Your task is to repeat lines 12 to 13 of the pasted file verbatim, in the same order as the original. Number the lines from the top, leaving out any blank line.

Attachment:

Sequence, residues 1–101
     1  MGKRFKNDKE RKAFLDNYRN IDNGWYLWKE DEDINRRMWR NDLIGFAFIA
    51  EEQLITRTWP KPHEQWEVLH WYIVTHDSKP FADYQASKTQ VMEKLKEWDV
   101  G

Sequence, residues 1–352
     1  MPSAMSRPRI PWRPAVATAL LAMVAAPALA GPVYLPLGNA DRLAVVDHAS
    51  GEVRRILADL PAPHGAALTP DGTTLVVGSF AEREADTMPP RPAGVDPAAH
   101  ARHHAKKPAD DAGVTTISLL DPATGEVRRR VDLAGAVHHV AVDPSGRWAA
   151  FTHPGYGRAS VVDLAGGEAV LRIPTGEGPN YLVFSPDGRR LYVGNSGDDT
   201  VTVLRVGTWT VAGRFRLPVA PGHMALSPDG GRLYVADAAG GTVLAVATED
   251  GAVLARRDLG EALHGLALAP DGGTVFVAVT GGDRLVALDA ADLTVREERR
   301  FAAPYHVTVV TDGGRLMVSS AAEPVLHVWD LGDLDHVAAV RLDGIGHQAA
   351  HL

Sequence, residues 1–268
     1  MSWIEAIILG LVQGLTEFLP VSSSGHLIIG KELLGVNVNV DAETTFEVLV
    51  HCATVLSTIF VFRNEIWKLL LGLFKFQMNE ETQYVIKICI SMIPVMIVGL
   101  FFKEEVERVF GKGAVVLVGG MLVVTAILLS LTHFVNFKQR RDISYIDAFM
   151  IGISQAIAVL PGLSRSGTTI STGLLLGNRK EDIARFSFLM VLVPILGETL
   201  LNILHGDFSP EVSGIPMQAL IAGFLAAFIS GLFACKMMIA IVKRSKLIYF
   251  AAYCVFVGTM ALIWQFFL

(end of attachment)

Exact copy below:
   301  FAAPYHVTVV TDGGRLMVSS AAEPVLHVWD LGDLDHVAAV RLDGIGHQAA
   351  HL